World leaders, celebrities, journalists, news outlets, mass media, they will praise Greta and others that look like her and hold her privileges and will place them as the voice of climate change. This re-orienting of the white saviour and activist is nothing new. The white rescuer, protector, liberator has been practiced for centuries now, whether it was at times of the Trans-Atlantic Slave Trade, the continued colonization and genocide of the manufactured “Third World”, or the co-opting and appropriation of the gun reform and climate activism movements today.

For instance, the Parkland shootings in the United States revolutionized the way the media portrayed gun reform as those of primarily white advocates. When preventable disaster struck Marjory Stoneman Douglas in 2018, claiming the lives of 17 students, black teens rose and stood up to the forces demanding the deaths of children, and shouted #NeverAgain repeatedly throughout the nation. They organized protests, marches, gun reform rallies, but their advocacy was not taken as seriously as that of their counterpart white student activists. This is when the Times put the white Parkland survivors who had gone through tremendous trauma, on their covers. Who chanted their names as heroes, brave, courageous activists repeatedly throughout the news while casting similar black victims of gun violence as vicious, gang-affiliates, “known to the police” perpetrators. Who cast them as the holy light against the corrupt NRA, who by the way supported gun control and reform when the Black Panthers carried them.

Why are we pretending that gun violence was not a systematic racialized and gendered issue before February 14th, 2018? Where are the black women founders of the Black Lives Matter movement—Patrisse Khan-Cullors, Opal Tometi, and Alicia Garza (the one name I did not have to google)? Where are the organizers of the #SayHerName Campaign of 2015, who demanded Washington University publish their study that found nearly 60 percent of black women killed by police were unarmed? Where are the other awareness campaigns, like Project Orange Tree led by black and indigenous women who wear orange because historically that was a call between hunters not to shoot? Where are their stories, activism, and lived experiences?

It is not that Greta and the Parkland survivors should not speak to their own experiences, but that there is an incredible silencing of perspectives that differ from the idea of the dominant activist body that dictates solutions. People of colour advocates, especially black, indigenous, and “third world” activists are seen as the radical body, the othered body, the “colored” body. And when I speak about Greta and the Parkland survivors, I am not attacking them as much as I am attacking this system that utilizes them to maintain a conformist and white supremacist power dynamic.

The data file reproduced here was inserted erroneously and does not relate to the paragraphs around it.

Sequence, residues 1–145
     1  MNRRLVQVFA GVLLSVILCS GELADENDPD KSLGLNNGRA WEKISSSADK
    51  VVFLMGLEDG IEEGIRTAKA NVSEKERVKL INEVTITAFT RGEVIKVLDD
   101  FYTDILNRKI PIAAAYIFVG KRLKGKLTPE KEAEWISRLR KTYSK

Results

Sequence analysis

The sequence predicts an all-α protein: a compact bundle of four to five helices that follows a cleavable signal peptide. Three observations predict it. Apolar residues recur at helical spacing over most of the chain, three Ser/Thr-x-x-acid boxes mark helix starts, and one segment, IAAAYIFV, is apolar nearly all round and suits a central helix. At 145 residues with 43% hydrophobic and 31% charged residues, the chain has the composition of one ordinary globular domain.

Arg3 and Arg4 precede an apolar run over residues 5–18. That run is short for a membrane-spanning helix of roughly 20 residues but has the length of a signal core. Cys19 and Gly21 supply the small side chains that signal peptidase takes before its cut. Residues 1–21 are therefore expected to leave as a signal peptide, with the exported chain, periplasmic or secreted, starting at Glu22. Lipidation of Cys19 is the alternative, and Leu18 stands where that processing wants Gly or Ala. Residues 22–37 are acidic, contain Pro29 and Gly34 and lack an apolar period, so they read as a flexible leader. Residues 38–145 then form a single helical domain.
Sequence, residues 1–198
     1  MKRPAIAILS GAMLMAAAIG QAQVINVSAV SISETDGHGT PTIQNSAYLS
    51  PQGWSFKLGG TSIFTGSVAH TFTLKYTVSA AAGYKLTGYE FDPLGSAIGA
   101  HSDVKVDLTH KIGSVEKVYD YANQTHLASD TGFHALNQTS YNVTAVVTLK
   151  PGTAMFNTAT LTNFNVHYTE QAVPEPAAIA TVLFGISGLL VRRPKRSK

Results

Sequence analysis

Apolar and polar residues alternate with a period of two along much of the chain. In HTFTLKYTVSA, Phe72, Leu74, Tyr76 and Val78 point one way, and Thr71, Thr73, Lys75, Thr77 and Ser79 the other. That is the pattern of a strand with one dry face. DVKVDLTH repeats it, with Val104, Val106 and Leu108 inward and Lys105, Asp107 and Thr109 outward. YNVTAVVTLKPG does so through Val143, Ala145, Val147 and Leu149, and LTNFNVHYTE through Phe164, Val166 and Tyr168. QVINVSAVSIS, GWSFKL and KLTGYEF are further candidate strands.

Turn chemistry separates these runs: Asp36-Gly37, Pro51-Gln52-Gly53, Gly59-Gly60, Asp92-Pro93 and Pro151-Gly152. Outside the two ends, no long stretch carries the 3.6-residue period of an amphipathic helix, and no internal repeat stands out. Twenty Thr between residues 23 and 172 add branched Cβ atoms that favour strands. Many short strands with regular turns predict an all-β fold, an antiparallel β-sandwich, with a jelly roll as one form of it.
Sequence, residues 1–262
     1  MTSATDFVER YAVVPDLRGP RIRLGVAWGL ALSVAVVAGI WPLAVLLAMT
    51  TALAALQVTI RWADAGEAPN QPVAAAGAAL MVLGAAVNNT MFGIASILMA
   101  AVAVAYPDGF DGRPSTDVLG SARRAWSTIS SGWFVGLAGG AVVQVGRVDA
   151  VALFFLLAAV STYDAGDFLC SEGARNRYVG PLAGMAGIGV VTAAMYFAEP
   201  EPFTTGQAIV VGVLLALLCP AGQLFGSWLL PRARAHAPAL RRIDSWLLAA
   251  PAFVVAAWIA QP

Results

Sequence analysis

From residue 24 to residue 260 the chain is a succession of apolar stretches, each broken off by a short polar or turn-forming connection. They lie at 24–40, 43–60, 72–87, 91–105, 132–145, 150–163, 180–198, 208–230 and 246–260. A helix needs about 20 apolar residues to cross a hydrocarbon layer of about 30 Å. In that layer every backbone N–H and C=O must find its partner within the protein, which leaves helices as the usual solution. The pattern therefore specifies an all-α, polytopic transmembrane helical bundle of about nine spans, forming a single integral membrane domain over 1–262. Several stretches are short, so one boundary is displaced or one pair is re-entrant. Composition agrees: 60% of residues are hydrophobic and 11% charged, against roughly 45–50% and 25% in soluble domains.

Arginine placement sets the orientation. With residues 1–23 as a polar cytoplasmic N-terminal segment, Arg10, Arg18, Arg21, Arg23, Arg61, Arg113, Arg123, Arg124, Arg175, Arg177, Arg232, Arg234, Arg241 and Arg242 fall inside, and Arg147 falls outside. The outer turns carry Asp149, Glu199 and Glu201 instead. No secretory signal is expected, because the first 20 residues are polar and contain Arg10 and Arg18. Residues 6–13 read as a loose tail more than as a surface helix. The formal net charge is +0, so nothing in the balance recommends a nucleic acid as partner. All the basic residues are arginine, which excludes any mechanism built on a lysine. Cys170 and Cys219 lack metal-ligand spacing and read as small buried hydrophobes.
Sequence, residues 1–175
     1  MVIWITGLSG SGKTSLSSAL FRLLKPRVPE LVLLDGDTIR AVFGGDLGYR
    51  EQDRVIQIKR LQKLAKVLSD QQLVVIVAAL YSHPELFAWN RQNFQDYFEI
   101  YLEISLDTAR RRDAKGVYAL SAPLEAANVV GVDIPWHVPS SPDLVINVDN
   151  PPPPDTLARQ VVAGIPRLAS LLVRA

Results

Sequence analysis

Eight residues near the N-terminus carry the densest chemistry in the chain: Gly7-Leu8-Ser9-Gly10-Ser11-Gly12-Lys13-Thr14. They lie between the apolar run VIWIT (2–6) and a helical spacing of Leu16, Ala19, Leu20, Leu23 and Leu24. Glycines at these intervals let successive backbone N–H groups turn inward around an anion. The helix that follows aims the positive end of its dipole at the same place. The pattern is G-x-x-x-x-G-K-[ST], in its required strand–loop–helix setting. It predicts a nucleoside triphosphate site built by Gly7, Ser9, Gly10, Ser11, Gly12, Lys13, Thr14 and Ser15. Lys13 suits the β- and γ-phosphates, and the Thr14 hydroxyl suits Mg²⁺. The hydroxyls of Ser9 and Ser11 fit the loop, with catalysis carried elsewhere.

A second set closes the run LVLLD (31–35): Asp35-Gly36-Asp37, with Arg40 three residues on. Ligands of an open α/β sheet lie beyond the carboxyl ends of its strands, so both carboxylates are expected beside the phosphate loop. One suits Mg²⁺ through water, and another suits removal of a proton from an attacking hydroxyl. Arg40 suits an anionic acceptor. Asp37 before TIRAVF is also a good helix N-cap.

Greta will be praised mainly because her forms of advocacy are nonviolent and are not rooted in the dismantling of racist and classist forms of colonial power that are embedded into climate change. Climate change is not an isolated issue. The climate crisis is one of a racial crisis. It’s one of a sexist crisis. It’s one of a colonial crisis. It’s one of a capitalist crisis. Greta is not advocating for justice that dismantles these intersecting layers of oppression. Accordingly, political leaders and mass media can praise Greta and center her as the climate saviour because her advocacy is not one that questions and challenges their own compliance and dominance in the continued genocide of our planet and its peoples.     

The voices of people of colour, women, poor, disabled, fat, immigrant, refugee communities are not centered precisely because they are working to dismantle that power structure beyond superficial layers. In the face of whose activism to choose, middle-to-higher class, rich, white, straight men will choose the activist that allows them to keep their comfort and privilege. By working to dismantle the consequences rather than roots of climate change, Greta can utilize these nonviolent forms of resistance and it works great for her, but we cannot and should not equate creating a climate strike day or organizing awareness marches, as equivalent to those who put themselves and their lives in danger every day. Who are on the ground doing the work, who are sitting in jail for protesting, who cannot find housing because they were displaced from their homes, who cannot find employment because of their past advocacy, who are surveillanced by the state, who are killed every single day, fighting for justice in a system that values everything but their lives. I think of the The Chaski Warmi of the Abyayala, a tribe of indigenous women demanding that the United Nations put indigenous culture and livelihood over mining and unsustainable development in Ecuador. To be honest, they are the only indigenous activists I know without having to search and sift through media coverage. Embarrassingly, I had to look up 15-year-old, Autumn Peltier, an indigenous water activist fighting against the exploitation and degradation of indigenous peoples and land in Canada, who is completely unknown to me even while I have grown up here.

I hope that just because Greta is inhabiting a less “radical” body, we do not put her actions, protests, and forms of resistance as superior than those of continually marginalized communities. Greta’s work and advocacy are an integral and important step of climate and environmental justice. However, let me be clear: we are aware, but awareness is just not enough.